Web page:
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The Body Shop and Launch Housing partner to employ marginalised Australians


22 November 2021 at 4:42 pm
Nikki Stefanoff
“I’ve worked in partnerships for almost 11 years and when we were talking to The Body Shop I was in tears. This to me feels like one of the most impactful things I’ve ever worked on.” 


Nikki Stefanoff | 22 November 2021 at 4:42 pm


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The Body Shop and Launch Housing partner to employ marginalised Australians
22 November 2021 at 4:42 pm

“I’ve worked in partnerships for almost 11 years and when we were talking to The Body Shop I was in tears. This to me feels like one of the most impactful things I’ve ever worked on.” 

The Body Shop’s open hiring policy, which has made it to Australia in time for Christmas, is set to hire casual employees based on their answers to three questions  no resume or references needed. 

Candidates will instead be asked: are you legally authorised to work in Australia, can you lift up to 11 kilos and work an eight-hour shift and are you happy to work with customers. And if the answer to that last question is ‘no’, it still isn’t a disqualifier. 

This style of recruitment is called open hiring and could be a real game-changer for those facing barriers to employment. 

Open hiring isn’t new to The Body Shop. The company has been using the policy in its US stores for a while, however, this year marks the first time a major retailer will use this method of recruitment in Australia. 

The concept itself was first pioneered by Greyston, a B Corp New York bakery founded by Zen Buddhist Bernie Glassman. Glassman built Greyston Bakery to employ people who faced barriers to meaningful employment. His concept was simple  accept anyone with the will to work. 

Greyston has since gone on to open the Centre of Open Hiring as a way to guide companies through the process of using open hiring as a recruitment tool. 

Partnering with organisations to make employment easier 

There are two elements to implementing an open hiring program, the first is to open up roles to the general public. The other is to work with partners to ensure the message of open hiring gets to those who would benefit most from the work. 

Launch Housing’s partnership with The Body Shop plays into this second aspect of the concept.  

Jeanelle Mariani, partnership and engagement manager with Launch Housing, told Pro Bono News that the community organisation was approached by The Body Shop about open hiring in Australia after first working with them last Christmas on a campaign to tackle the stigma around women in homelessness. They were thrilled to have the opportunity to partner with them again. 

“I’ve worked in partnerships for almost 11 years and when we were talking to The Body Shop [about open hiring] I was in tears,” Mariani told Pro Bono News. 

“This to me feels like one of the most impactful things I’ve ever worked on. It’s a huge opportunity for us at Launch Housing, but it’s also huge for homelessness. You know, we say that we’re going to end homelessness but you can’t do that if people can’t work or they can’t get jobs. This [partnership with The Body Shop] is so fundamental and will help drive real change.”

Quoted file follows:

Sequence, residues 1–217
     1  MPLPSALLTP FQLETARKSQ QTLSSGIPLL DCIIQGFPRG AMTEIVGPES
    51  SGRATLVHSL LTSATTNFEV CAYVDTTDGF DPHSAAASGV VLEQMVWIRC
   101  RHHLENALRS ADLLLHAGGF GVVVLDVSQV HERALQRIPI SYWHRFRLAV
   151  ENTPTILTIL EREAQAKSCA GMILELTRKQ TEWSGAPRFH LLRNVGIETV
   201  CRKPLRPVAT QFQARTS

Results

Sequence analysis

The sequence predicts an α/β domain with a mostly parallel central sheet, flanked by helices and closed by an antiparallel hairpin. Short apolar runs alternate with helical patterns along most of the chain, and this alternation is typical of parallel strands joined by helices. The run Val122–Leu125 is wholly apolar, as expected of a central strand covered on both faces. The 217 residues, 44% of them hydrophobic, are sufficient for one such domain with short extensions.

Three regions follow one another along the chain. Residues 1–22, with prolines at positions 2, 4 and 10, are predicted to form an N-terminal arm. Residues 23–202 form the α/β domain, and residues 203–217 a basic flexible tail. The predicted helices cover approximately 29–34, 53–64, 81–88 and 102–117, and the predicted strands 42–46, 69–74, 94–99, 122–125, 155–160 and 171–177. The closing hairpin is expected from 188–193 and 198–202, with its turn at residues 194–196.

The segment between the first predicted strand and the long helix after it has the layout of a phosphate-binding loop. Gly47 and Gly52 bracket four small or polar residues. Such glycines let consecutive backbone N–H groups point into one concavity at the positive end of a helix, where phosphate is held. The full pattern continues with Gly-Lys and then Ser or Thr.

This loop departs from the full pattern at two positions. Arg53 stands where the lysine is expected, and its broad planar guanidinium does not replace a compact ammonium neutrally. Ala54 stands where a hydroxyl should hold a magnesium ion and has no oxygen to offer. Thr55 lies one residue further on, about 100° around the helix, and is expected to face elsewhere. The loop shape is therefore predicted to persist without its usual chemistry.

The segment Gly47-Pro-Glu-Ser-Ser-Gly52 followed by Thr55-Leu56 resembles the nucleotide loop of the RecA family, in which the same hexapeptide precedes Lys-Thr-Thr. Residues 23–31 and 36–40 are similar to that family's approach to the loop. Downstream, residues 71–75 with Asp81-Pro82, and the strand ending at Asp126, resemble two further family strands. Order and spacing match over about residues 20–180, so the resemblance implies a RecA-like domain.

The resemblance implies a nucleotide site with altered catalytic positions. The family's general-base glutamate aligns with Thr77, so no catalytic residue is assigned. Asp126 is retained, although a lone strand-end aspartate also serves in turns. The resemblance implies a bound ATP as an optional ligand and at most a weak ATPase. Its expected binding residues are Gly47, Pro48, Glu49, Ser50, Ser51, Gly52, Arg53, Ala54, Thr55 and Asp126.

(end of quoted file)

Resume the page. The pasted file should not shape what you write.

The power of a partnership such as this lies in the fact that so many of the people supported by Launch Housing want to work. They may not have the experience but that doesn’t mean they are unable and unwilling to get a job. 

“A lot of our clients have had insecure housing, they don’t have a perfect resume and they haven’t grown up with the contacts and the networks that a lot of us take for granted when looking for work,” Mariani said. 

“All these things can be really prohibitive to someone getting a job. It’s not like these people can’t work and aren’t great at their jobs, it’s just that they can’t get past the initial gatekeeper.”

How the program works 

Mariani explained that Launch Housing has a number of teams working across the organisation to make sure the people they work with have the support they need to have both a sustainable income and sustainable living arrangements. 

“We have employment teams, we have rental assistance teams as well as getting housing and keeping housing teams and so it is up to those teams to share The Body Shop opportunity with people they know are looking for work,” she said.

“Any clients that are interested in a job are supported to apply and then it’s a case of first in, best dressed.” 

After being contacted by The Body Shop, applicants are then invited in to have a conversation with a manager and are further briefed on what the role involves. If the applicant is happy, and they want to proceed then the job is theirs. 

They’re not obligated to take the job, however. So if after meeting the manager they think the role isn’t really right for them, The Body Shop simply goes to the next person on the list and starts the process again.

Mariani acknowledges that it can be a risk for businesses to take away the checks and balances they have in place around recruitment, but she’s also quick to point out that it’s a great social experiment. And one that has been proven successful for many businesses in the US. 

“The people who find work this way are so appreciative of the opportunity, they really make something of it,” she said.

 “The hope is that other businesses see open hiring being done successfully, and start to realise that the risk is not insurmountable. In fact, just the opposite.” 


Nikki Stefanoff  |  Journalist  |  @ProBonoNews

Nikki Stefanoff is a journalist at Pro Bono News covering the social sector.

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One comment

  • Avatar Samia Michail says:

    What a lovely way to demonstrate how we put humans above everything else! Providing dignity and a sustainable way for individuals to have meaningful lives.

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